Hugh Hawarden -true old river dogs don’t need to remember the river


I was at a family reunion a couple of years ago, and got chatting to Andre Hawarden (same surname as me, hence the family reunion bit) about paddling. I had only met him once or twice before and had seen him at the odd canoe race in the late eighties when I started paddling at Maritzburg Varsity. I have managed to remain, through my own lassitude as well as many years spent living in the miserable canoeing environment that is London, a fish and chips paddler. So I was keenly interested to hear all his war stories about what it was like to be at the sharp end of the race with Pope and Co back in the day.

In amongst the telling of these tales and the appreciative audience he held in thrall, he must have gotten carried away and was foolish enough to say, “we should do a race together sometime”.

“Sign here,” I said.

I have managed a couple of Dusis under my own steam and didn’t really fancy chasing Andre through the bush on foot, so I asked if he would drive me down the Umko instead. I promised to get fit. It’s very tough as a fish and chips paddler to break into the Umko. There are well established partnerships and a limited number of generous souls willing to drive novices down the river. So to further convince him, I said I would buy the boat. He looked keen, but just in case he wavered, I also threw in some accommodation. All he needed to do was to get there and see if he could remember the river after 20 years of absence. And my father Mike (same surname, again) who was now listening in, had a major attack of FOMO and signed himself up as our second. Even though he would have to fly out once more from New Zealand for the occasion.

If there is one thing I learned during the race, it’s that true old river dogs don’t really need to remember the river. They can read it afresh. Like returning to an old favourite novel. It all comes flooding back, so to speak. We’d approach a rapid, Andre would slow his paddling, crane his neck a bit to decide his line, and down we’d go, and generally emerge out the bottom of the rapid before everyone else.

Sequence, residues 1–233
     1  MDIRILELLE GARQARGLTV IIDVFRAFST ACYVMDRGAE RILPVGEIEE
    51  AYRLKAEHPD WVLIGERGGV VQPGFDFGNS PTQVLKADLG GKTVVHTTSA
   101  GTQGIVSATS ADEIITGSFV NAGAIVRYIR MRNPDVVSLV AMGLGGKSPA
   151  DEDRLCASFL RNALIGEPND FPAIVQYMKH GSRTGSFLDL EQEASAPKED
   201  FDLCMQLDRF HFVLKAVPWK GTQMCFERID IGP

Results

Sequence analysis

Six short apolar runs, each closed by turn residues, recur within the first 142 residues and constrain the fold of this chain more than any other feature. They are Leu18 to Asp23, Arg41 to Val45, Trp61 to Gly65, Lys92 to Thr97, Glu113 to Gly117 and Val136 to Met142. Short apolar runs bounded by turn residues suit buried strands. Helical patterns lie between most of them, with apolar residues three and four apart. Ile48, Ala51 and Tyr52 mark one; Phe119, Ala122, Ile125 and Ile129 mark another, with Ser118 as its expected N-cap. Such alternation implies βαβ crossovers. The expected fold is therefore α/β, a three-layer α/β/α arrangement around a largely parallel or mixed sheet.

The first day (the old second day) was fantastic, starting with some gentle bubblies to settle the nerves and getting bigger and more fun as the day wore on. You couldn’t design a better intro to big water paddling if you had all afternoon with a paper and pencil. The decision to switch the days around was genius. No one likes a baptism of fire. This easing into it business was for me. I was feeling solid by the time we reached the end, even digging in for a little end sprint to win our batch.

Despite the success of the day, there was still some residual anxiety around the dinner table that night regarding The Approaches and Number 1. The drive down to the river for Day 2 was a sombre one. There was a bit of tension in the car and my father dilly-dallying and  spilling his coffee all over the place didn’t really calm the paddlers. I have never been on a quieter start line for any event, running, cycling, you name it, than Day 2 of the Umko. The only sound, other than yawns and the odd digestive squeak, was the rumbling of rocks and crashing of water coming from around the corner. I heard a back paddler friend of mine and one of those seasoned combos I spoke of earlier say to his driver, “I’m not sure of your line, let’s follow Andre”. I think a few other crews overheard this sage decision. Because I turned around as we were about to drop into Number 1 to see who was following and there was a veritable crocodile behind us, by which I don’t mean a savage oversized lizard, but a queue of boats following our line. Which was indeed a good one, we emerged with much a-hootin’ and a-hollerin’ out the other side. I didn’t see much to be honest. I wish I could remember more. The back paddlers’ view of Number 1 is to see his driver disappearing into the maw of the wave train and then it all goes brown for quite a while.

With no driving anxiety to concern me and the risk of wrapping the boat now seeming remote, the roughly 5 hours in total we took for the race were not only the most fun I’ve had on a river, but some of the most fun hours I’ve ever had doing any sport. Even a round of golf at a bachelor’s weekend isn’t that much fun. And one other thing: in amongst the excitement of the endless rapids, no one ever seems to mention how spectacular the Umko is at that point. The tall red cliffs, the remoteness, the bird calls, it’s a fabulous place and I have never before or since paddled the last kilometre of a race and instead of desperately thinking about a wors roll and a beer, I thought, “I’m so sad this is over.”

I will be back for the 50th. After all, Andre didn’t put a scratch on my new boat, and it hasn’t been driven since.


Hugh Hawarden


Author: bewilderbeast

It's about life, marriage, raising kids, paddling rivers, travel in Africa . . . re-posting thoughts written over decades - at random, I'm afraid.

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